One of the best showcases in new plastics technology is the annual competition in automotive plastics held by the Society of Plastics Engineers. This year’s grand prize, announced last night, went to General Motors for backlighting using color-converting plastic in the Tahoe SUV. The patented system for producing custom-colored interior backlighting via LEDs (fed through light distribution pipes) uses fluorescing dyes and proprietary light-scattering additives in translucent resins used to mold buttons, knobs, and backlit plates rather than expensive custom-colored LED bulbs. The change in color control makes backlighting in low-volume, niche colors economically feasible. The system supplier is Delphi Electronics & Safety with material from RTP, BASF, and Bayer MaterialScience. The tool was made by Kno-Mar Tool in Clearwater, FL.
The 100-percent solar-powered Solar Impulse plane flies on a piloted, cross-country flight this summer over the US as a prelude to the longer, round-the-world flight by its successor aircraft planned for 2015.
GE Aviation expects to chop off about 25 percent of the total 3D printing time of metallic production components for its LEAP Turbofan engine, using in-process inspection. That's pretty amazing, considering how slow additive manufacturing (AM) build times usually are.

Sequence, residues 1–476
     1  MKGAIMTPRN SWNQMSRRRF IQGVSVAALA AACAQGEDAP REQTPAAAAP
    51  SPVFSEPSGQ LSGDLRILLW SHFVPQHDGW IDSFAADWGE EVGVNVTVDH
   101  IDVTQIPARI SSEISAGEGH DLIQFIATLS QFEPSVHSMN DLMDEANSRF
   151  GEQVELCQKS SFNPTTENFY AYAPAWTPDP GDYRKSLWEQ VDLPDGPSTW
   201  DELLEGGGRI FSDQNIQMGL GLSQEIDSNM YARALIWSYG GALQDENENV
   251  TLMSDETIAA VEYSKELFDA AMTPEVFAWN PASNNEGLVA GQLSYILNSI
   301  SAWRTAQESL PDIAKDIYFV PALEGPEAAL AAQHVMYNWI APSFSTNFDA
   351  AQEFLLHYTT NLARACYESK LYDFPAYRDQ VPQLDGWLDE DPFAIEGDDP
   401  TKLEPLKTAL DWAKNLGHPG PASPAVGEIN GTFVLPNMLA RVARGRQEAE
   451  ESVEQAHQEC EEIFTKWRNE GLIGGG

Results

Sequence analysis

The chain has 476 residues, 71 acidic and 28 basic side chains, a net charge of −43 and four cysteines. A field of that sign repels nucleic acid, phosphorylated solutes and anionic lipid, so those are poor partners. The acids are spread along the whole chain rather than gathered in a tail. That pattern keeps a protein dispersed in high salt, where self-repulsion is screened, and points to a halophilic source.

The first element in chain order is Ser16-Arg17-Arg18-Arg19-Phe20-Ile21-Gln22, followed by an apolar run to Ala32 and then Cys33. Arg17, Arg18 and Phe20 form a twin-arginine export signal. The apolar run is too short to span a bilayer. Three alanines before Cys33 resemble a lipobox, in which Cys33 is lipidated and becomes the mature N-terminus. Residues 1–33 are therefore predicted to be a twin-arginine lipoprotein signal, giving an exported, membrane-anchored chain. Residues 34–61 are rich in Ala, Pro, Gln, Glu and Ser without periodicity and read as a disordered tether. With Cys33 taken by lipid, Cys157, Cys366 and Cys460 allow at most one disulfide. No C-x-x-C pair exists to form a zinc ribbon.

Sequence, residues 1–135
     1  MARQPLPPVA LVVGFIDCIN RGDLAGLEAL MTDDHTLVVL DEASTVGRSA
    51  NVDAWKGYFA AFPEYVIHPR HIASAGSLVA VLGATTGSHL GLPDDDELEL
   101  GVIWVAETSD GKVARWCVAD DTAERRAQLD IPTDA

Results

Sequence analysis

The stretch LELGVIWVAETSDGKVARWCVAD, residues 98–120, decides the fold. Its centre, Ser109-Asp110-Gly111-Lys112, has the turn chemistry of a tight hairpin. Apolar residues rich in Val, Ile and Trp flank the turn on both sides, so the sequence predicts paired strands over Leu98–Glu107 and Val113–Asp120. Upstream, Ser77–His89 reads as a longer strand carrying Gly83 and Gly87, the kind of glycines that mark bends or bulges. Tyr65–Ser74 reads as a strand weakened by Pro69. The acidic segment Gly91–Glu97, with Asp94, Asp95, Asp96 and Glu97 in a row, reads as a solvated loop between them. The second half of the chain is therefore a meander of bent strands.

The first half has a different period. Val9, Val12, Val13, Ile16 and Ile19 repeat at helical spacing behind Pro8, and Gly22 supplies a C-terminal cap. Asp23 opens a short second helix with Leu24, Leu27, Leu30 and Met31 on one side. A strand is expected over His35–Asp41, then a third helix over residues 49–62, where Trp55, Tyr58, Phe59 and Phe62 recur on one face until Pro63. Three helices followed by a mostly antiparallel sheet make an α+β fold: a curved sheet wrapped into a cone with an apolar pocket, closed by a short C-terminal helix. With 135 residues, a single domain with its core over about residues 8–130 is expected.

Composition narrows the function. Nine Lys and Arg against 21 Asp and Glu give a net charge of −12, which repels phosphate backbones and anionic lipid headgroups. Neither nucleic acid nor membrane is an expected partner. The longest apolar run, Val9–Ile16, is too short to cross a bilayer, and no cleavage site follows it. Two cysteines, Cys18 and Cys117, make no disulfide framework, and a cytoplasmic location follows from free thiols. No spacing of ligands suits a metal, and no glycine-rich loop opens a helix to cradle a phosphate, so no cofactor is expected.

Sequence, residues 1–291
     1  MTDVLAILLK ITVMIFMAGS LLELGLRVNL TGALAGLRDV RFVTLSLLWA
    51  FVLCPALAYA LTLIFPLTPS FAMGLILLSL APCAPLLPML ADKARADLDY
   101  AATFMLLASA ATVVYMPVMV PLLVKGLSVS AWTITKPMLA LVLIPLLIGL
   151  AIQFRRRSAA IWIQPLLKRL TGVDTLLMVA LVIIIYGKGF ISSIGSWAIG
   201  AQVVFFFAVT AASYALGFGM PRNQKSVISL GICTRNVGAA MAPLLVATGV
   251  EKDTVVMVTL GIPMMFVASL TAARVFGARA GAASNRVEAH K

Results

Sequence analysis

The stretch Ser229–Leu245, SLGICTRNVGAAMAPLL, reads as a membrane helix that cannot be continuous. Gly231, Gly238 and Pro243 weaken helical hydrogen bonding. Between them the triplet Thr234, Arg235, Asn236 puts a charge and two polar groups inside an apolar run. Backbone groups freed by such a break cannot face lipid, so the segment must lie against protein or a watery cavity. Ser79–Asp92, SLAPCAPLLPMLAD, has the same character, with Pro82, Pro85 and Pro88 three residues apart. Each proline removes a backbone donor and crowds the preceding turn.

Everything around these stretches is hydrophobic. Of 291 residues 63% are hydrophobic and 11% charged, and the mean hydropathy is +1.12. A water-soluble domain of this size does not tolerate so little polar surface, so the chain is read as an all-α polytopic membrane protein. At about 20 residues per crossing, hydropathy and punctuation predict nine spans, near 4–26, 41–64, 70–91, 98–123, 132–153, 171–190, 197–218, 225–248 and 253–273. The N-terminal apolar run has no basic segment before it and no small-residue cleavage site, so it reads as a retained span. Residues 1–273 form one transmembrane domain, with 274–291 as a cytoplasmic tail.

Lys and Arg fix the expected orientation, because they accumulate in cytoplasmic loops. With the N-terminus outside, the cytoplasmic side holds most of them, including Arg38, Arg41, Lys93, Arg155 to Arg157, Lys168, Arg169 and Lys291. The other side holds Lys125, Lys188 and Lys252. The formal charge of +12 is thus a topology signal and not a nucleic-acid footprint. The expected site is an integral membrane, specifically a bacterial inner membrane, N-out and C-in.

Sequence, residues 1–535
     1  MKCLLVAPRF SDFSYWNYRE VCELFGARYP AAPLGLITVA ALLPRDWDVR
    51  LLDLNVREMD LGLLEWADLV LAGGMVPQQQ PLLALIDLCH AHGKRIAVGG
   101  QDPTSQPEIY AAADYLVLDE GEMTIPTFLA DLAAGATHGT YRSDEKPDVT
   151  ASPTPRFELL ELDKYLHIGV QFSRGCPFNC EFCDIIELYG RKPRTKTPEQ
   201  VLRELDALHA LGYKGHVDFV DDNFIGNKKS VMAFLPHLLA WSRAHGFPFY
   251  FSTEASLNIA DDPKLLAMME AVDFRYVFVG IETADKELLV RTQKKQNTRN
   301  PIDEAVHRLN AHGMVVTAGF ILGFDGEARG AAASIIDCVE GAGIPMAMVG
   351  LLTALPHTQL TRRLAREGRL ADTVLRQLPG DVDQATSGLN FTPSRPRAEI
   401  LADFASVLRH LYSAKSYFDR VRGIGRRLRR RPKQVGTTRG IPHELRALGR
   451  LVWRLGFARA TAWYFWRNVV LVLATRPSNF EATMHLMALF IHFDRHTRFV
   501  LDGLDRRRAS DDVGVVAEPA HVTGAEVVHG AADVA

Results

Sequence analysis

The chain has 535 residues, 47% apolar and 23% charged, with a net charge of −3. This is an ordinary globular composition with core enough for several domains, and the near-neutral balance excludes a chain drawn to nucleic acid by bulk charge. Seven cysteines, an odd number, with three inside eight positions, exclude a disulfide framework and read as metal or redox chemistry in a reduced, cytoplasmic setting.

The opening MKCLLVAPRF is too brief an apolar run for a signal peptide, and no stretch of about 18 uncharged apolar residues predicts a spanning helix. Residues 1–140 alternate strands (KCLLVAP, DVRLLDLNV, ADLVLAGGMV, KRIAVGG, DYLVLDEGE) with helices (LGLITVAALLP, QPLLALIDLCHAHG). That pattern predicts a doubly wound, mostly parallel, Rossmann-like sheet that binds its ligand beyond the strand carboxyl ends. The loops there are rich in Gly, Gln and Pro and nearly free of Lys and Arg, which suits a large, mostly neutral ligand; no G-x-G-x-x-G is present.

For industrial control applications, or even a simple assembly line, that machine can go almost 24/7 without a break. But what happens when the task is a little more complex? That’s where the “smart” machine would come in. The smart machine is one that has some simple (or complex in some cases) processing capability to be able to adapt to changing conditions. Such machines are suited for a host of applications, including automotive, aerospace, defense, medical, computers and electronics, telecommunications, consumer goods, and so on. This radio show will show what’s possible with smart machines, and what tradeoffs need to be made to implement such a solution.